The United States Court of Appeals for the District of Columbia Circuit has upheld the Federal Communications Commission (FCC)’s decision to reallocate a portion of the country’s radio spectrum for unlicensed devices, such as Wi-Fi routers, rather than for intelligent transportation systems for vehicles. In short, that means consumers could soon have access to in-vehicle safety features and better Wi-Fi.
The FCC’s rule was approved in 2020 with “mixed reactions,” according to the court’s opinion, which was written by Circuit Judge Justin Walker. As for repairers, the decision could mean even more to learn about advanced driver assistance systems (ADAS) and other new vehicle capabilities that must be repaired back to OEM standards.
“Intelligent transportation systems make driving safer by allowing vehicles to communicate with each other on the road,” Walker wrote. “…Several groups that want to retain their old use of the reallocated spectrum argue that the FCC’s reallocation was arbitrary and capricious. It was not. Car crashes cause thousands of deaths and millions of injuries every year in the United States. …To combat that, Congress has long passed laws aimed at enhancing vehicle safety.
“…One such law was the 1998 Transportation Equity Act for the 21st Century. …That act instructed the Department of Transportation to ‘develop and maintain a national’ intelligent transportation system to decrease accidents and improve overall travel efficiency. …The theory was that cars would be equipped with intelligent transportation systems that allow them to communicate with each other and avoid accidents.”
However, Walker continued, while the FCC opened up the 5.9 GHz band in 1999 for use by vehicle safety systems, there have been “no commercially-marketed vehicles” that have used it, as of 2020. Because of the lack of use, the FCC ruled in 2020 that the upper 30 megahertz of the 5.9 GHz band (5.895 to 5.925 GHz) would be kept for use by intelligent transportation systems and the lower 45 megahertz could be used by unlicensed devices. The decision also came with the requirement that intelligent transportation systems use cell towers and other devices to communicate rather than through “dedicated short-range” communications.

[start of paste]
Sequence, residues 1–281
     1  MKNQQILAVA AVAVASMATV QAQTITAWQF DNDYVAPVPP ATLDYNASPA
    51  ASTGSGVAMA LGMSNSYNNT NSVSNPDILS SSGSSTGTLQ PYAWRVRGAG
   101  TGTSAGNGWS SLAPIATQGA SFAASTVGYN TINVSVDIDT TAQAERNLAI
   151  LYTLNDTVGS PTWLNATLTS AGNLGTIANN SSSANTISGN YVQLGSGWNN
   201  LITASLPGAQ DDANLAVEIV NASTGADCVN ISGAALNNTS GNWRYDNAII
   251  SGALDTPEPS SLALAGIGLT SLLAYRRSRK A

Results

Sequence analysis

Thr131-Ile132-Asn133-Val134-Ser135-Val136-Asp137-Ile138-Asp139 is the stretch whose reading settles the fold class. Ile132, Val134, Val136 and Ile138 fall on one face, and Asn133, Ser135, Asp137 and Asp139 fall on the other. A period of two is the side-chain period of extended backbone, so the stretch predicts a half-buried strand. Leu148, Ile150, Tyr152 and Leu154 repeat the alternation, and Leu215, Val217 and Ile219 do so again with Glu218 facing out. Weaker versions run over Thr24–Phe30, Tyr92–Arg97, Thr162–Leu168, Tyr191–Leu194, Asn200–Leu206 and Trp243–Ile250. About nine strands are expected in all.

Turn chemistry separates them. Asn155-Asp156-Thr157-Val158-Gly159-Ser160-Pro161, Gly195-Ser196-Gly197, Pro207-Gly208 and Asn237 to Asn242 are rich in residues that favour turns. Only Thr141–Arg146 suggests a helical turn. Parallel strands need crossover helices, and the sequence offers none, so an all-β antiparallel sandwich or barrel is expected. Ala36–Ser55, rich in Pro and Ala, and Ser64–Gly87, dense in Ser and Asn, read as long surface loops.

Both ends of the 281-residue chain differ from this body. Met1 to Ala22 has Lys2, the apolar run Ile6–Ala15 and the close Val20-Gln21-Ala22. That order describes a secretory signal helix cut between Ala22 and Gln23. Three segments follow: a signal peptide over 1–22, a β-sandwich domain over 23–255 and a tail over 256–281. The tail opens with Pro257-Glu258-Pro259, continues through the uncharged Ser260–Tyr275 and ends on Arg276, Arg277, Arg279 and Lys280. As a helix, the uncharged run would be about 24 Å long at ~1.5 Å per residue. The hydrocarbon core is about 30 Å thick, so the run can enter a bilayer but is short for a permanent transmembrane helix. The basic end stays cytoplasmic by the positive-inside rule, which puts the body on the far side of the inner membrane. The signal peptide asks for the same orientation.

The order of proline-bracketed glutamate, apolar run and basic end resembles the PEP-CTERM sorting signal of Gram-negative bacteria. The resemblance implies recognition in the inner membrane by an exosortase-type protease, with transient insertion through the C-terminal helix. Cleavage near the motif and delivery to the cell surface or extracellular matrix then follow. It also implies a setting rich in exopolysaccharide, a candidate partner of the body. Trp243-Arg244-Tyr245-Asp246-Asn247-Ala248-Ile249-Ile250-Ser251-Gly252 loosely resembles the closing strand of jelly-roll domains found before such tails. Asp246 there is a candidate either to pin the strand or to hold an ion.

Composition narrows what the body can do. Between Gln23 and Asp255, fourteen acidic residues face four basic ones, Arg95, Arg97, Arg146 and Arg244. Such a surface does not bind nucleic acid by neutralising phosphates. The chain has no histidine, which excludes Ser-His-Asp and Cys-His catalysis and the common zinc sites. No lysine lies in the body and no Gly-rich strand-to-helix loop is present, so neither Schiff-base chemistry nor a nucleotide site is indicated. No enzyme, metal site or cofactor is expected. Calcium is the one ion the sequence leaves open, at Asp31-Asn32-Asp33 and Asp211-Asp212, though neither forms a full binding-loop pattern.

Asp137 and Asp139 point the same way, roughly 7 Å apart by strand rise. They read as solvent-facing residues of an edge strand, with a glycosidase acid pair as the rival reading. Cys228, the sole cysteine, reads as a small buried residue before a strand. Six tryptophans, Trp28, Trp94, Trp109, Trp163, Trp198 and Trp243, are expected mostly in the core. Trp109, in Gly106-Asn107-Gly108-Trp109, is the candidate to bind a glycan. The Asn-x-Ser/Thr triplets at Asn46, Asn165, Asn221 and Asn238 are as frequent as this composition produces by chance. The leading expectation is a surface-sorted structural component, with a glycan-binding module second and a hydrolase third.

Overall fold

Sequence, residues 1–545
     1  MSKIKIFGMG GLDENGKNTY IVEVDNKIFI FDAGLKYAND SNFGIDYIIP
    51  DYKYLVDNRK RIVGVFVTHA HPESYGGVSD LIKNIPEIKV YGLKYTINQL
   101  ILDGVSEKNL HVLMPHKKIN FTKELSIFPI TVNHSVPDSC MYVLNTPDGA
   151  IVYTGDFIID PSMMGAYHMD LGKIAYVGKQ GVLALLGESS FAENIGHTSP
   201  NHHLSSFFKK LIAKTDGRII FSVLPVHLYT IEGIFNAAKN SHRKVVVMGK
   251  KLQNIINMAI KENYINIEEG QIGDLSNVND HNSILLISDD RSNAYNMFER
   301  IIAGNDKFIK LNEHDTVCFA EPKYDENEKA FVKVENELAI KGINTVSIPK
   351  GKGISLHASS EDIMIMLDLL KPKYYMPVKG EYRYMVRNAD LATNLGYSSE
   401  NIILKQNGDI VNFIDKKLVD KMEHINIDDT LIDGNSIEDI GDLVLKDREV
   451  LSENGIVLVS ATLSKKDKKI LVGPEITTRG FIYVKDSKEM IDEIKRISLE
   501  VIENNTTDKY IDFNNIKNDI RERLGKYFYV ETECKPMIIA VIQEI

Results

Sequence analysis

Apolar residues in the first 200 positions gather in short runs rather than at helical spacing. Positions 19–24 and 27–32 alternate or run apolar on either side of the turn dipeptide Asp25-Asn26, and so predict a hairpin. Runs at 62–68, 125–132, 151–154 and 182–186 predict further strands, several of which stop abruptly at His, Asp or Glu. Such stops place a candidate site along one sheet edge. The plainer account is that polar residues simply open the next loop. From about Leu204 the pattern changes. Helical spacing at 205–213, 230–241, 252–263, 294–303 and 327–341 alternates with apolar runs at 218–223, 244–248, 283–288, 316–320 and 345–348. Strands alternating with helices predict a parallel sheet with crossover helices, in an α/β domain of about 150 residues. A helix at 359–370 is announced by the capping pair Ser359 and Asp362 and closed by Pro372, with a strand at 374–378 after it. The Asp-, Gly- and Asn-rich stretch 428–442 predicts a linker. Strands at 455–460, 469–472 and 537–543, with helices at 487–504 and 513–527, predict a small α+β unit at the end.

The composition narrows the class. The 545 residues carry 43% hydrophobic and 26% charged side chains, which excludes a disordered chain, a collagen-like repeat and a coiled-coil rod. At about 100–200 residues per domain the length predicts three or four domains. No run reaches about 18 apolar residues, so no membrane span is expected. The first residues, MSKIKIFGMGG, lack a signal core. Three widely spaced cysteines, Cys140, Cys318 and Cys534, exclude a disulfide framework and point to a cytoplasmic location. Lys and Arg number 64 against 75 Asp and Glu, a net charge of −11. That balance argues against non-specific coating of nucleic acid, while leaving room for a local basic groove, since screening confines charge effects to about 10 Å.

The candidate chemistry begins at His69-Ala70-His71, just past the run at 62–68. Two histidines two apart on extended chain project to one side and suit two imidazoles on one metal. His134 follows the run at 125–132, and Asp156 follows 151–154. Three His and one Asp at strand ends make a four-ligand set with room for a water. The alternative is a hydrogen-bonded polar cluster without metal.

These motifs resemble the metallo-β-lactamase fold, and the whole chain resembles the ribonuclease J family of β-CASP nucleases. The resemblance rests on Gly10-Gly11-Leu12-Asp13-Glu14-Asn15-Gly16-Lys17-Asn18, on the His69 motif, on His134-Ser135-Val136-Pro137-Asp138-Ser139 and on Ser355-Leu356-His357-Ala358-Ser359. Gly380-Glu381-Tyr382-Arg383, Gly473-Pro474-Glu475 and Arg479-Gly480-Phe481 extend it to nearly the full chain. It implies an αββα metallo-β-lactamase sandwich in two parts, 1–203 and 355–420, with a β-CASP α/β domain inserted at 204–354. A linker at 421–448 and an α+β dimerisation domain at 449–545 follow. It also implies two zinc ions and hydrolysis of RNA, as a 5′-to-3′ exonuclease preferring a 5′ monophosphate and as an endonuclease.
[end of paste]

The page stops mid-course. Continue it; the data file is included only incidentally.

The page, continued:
The Intelligent Transportation Society of America and the American Association of State Highway and Transportation Officials appealed the FCC’s order and asked that the reallocation of the lower 45 megahertz of the spectrum be vacated “but leave in place the rest of the order dealing with what technology intelligent transportation systems use,” according to the opinion. The Amateur Radio Emergency Data Network petitioned the court to vacate the entire order.
“All the Petitioners argue that the FCC’s order was arbitrary and capricious because it violated the Transportation Equity Act,” Walker wrote. “The Transportation Petitioners also argue that the FCC failed to adequately explain its decision and unlawfully revoked or modified FCC licenses. We disagree on all fronts. …The FCC’s order did not violate the Transportation Equity Act. The FCC has ‘broad authority to oversee wire and radio communication in the United States’ and must promote ‘effective use of radio in the public interest.'”
Reuters reports that NCTA – The Internet & Television Association said the decision “is an enormous victory for American consumers” because it provides them “with even more reliable high-speed Wi-Fi and access to next-generation automotive safety applications.”
Automakers opposed the decision while major cable, telecom and content companies say the spectrum is “essential to support growing Wi-Fi use,” according to Reuters.
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